Welcome to the KingZoo and Funny Farm, where we learn to live, laugh, and love together. Here you'll find snippets of life in our zoo, parenting tips we've learned along the way, reflections on shining God's light in this world, passions in the realm of orphan care, and our journey as parents of a visually impaired child with sensory processing disorder. Have fun!

Tuesday, November 29, 2011

Sugar, sugar, and more sugar

Gingerbread houses have been a part of Christmas since I was a child. Although I don't remember making a new house every year, and I don't remember where or how or why or when I made houses, I do know that there were several years when we participated in this very sticky and sweet craft. My mom and I were just reminiscing that one year she sprayed my gingerbread house with bug spray, wrapped it in several plastic bags, and hoped for the best while it sat in storage for the year. We couldn't recall, however, whether or not that house made it through the year, or even several years.

When the kids were little, our church's Wednesday night clubs program had a gingerbread house making night every year. What a mess that was! My aunt, who I'm sure received many jewels in her crown for this, would ask the children in the school where she worked to save their cardboard pint milk containers. She would then get the local grocery store to donate styrofoam trays. But this was nothing to the amounts of icing she made ahead of time so that every child could make a house to take home. It was one of those activities that was a favorite of the kids every year, but not so beloved by the adult leaders (at least not by me).

We've found that the pint container, styrofoam tray, graham cracker method works best for us. It's a tradition that we don't repeat every year, but enough so that some of the kids get a chance to create every few years. The only deviation is that I make edible icing instead of that egg white stuff we used in clubs. Kids are bound to lick their fingers or get some icing when they pull the candy off to eat, so you might as well make it all edible.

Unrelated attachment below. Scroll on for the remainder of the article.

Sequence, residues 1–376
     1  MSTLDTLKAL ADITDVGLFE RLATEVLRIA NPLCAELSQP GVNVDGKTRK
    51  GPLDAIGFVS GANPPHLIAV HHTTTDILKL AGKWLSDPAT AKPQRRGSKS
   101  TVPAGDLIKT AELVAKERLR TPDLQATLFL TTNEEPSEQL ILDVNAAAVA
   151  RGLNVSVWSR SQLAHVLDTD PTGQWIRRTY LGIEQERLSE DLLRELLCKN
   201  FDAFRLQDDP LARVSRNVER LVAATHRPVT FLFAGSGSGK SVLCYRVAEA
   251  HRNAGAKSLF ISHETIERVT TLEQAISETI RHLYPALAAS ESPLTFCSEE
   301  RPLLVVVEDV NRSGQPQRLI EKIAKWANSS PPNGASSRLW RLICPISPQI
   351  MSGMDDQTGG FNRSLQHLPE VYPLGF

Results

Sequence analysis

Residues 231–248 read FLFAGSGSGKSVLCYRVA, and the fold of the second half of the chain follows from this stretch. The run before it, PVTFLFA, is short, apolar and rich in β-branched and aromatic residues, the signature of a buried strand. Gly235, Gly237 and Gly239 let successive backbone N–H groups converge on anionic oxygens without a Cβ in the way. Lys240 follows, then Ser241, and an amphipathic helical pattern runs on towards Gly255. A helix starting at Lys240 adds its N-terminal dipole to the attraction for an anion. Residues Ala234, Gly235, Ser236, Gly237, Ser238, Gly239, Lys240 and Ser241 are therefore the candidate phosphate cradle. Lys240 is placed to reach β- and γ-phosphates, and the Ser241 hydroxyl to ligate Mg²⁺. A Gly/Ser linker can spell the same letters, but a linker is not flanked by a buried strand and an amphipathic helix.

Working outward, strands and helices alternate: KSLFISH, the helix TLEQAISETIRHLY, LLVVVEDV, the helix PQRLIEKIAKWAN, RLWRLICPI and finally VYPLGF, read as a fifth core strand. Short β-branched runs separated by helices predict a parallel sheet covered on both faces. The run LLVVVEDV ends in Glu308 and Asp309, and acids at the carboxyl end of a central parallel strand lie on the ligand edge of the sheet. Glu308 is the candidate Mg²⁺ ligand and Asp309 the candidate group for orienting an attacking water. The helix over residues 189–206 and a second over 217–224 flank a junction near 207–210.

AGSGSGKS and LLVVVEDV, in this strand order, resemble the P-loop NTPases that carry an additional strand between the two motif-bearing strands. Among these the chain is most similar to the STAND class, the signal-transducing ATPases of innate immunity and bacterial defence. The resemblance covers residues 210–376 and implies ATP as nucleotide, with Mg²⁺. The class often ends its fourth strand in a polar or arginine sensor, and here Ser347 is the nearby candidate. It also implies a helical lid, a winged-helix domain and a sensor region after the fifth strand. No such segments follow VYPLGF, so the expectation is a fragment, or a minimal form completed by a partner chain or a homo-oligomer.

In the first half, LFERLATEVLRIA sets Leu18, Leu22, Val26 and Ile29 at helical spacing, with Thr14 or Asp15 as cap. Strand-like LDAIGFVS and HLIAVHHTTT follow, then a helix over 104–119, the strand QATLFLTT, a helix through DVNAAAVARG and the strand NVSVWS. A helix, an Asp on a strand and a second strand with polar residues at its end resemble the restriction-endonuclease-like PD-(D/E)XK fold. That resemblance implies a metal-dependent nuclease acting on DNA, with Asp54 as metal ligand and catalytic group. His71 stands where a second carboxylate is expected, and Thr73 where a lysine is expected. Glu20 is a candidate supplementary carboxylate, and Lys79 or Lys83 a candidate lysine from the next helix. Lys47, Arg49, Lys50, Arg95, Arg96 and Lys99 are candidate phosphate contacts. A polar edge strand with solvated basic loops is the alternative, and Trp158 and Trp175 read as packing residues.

The biggest dilemma, as I see it, is how to dispose of those houses once they've been made. In our house, it's a mystery to this day that when we return from our annual Christmas trek to Ohio, the houses are gone. Must be the college kids who house sit; maybe they just can't resist all that candy and sugar and in their binging they just eat the whole works - cardboard pint containers, styrofoam and all!

Whose house is this, anyway?

If making a house brings out the personality of each child, you can easily see that this one is the organized, methodical, future teacher, right?

Nope, she didn't do that herself. (And I'm told taste-testing is necessary to the quality of the finished product)

The finished products! And yes, this project is definitely more fun with a friend or two. Thanks, Katrina!

No comments:

Post a Comment